Thanks to Tivo, I can easily zip through commercials for my viewing pleasure. I am not a commercial fan.Therefore, imagine my surprise one night when, in a rare moment of viewing commercials, I suddenly heard a voiceover relay something to the effect of, “Are you considering having your hip replaced? Call this number now for more information on a new hip surgery technique.”
Before coming on board with Orthopedic Design & Technology, I spent many years working in the pharmaceutical advertising sector. In spite of my distaste for commercials, I examined direct to consumer (DTC) advertising trends with great interest; in fact, I spent my final semester of graduate school researching this very topic as the basis for my final project to complete my Master’s degree in journalism.
When I left the pharmaceutical arena, I had never considered that orthopedic manufacturers also use DTC ads as a marketing tool. After all, the drug market typically has a much larger patient group than the medical device market. OEMs must have been following the numbers, though, which indicate that 7% of all US consumers have asked for and received an advertised drug. Surely the device market stands to reap some profits from this trend as well.
The device market does face some challenges with DTC promotion. Smaller target audiences and shorter product life cycles (compared with pharma) should be considered when deciding whether the cost of consumer ads is worthwhile. In addition, it’s important to identify, in advance, how you will ensure that patients will be referred to a specialist skilled in using the orthopedic device—and also account for reimbursement issues. While drug makers have a fairly easy approach to track ROI, it’s not as simple for orthopedic manufacturers; thus, try to put a response measurement method in place before launching a DTC campaign.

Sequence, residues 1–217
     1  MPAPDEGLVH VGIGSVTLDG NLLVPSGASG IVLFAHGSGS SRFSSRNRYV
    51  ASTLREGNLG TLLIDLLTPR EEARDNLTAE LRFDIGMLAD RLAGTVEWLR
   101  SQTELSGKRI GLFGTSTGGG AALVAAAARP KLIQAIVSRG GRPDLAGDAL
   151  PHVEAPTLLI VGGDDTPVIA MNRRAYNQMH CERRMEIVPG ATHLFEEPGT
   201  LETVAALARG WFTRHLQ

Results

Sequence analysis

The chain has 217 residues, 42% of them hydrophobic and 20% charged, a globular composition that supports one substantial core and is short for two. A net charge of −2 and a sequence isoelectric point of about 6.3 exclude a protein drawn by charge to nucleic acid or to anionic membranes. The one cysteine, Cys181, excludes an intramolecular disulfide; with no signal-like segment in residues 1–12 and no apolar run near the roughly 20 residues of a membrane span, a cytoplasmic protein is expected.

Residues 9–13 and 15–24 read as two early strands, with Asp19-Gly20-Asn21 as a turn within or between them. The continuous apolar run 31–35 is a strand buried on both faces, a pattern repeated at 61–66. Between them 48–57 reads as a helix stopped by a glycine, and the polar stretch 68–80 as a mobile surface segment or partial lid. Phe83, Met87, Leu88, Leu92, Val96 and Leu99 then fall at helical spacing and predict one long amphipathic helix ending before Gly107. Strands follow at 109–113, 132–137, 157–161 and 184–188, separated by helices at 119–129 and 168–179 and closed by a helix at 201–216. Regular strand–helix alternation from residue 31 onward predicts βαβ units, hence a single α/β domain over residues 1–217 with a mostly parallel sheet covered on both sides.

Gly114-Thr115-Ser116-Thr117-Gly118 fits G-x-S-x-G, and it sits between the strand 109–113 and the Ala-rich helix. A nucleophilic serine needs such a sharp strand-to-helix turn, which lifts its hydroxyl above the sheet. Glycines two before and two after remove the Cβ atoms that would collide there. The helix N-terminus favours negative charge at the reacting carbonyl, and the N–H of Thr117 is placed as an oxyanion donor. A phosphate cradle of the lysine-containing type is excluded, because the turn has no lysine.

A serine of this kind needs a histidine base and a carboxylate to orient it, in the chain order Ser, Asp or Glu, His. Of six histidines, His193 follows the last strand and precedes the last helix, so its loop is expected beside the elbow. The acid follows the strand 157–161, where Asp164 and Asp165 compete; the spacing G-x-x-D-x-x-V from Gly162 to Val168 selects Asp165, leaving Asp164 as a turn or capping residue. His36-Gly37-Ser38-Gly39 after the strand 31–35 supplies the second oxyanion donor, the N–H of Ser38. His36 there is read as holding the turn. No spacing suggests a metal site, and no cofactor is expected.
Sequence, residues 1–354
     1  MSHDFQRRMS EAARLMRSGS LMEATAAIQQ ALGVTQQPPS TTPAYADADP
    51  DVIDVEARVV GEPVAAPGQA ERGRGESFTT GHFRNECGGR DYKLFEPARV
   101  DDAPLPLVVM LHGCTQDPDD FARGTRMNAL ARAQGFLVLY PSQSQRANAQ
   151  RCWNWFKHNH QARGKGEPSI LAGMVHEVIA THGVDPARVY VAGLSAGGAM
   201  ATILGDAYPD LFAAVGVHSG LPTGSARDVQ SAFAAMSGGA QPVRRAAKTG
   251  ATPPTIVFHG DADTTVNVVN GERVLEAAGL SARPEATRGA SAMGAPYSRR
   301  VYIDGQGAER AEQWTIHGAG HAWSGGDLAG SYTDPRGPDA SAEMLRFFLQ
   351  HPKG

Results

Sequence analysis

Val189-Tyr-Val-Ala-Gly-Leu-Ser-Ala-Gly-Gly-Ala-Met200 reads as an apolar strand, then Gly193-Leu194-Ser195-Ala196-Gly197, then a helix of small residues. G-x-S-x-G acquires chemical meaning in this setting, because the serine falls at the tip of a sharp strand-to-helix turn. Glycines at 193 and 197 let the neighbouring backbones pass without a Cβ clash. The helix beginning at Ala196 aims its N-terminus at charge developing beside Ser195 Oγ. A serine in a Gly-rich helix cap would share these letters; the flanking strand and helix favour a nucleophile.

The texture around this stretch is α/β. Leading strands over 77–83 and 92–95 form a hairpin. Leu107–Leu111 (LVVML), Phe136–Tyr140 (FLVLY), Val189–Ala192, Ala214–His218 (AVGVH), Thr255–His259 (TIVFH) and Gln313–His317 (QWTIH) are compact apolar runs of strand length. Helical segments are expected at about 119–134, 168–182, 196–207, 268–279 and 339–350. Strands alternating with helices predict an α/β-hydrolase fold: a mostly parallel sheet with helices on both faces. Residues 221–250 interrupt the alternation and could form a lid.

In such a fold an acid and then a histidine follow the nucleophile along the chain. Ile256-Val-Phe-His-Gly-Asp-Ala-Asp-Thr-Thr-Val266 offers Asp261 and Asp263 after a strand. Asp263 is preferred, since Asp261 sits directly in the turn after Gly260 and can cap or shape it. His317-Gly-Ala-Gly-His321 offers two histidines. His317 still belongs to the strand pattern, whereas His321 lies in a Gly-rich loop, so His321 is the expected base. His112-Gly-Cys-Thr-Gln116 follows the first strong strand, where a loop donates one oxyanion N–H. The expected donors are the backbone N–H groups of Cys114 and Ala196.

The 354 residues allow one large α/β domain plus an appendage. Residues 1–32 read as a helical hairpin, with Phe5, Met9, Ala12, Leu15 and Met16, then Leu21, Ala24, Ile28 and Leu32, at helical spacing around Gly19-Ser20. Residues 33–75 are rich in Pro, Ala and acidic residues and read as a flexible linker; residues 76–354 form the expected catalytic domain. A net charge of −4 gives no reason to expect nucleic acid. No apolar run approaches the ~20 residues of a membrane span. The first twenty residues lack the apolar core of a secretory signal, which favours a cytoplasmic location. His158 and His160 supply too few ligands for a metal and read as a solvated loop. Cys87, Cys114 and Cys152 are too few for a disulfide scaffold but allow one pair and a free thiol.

As a former advertising pro, my best advice would be to start with a small-scale effort that is precisely targeted. Once you have learned a few lessons from this venture, you can adapt your findings to create a more powerful, successful program. In addition, don’t overlook the potential benefit of tactics such as educational components—patient education materials, counseling tools, physician office displays and Web site content are just a few ideas. Whatever strategy you look into, keep in mind that the FDA requires certain elements to accompany certain types of promotions (visit www.fda.gov for more information). Outsourcing the concepting, development and media planning to an ad agency may not be such a bad idea, either.
The FDA doesn’t have specific regulations yet for DTC promotion of restricted devices, but stricter policies could be forthcoming. Last September, a House representative introduced legislation that would require FDA review and approval before a company releases promotions to the public. On its heels, the FDA also held a public hearing in November to find out what consumers think about the current regulations.
Now it’s your turn to let me know what you think. Are you planning to use DTC campaigns in your marketing efforts this year? What are your opinions on this practice in general? Tell me all about it by writing (firstname.lastname@example.org) or calling me (201-825-2552, ext. 348).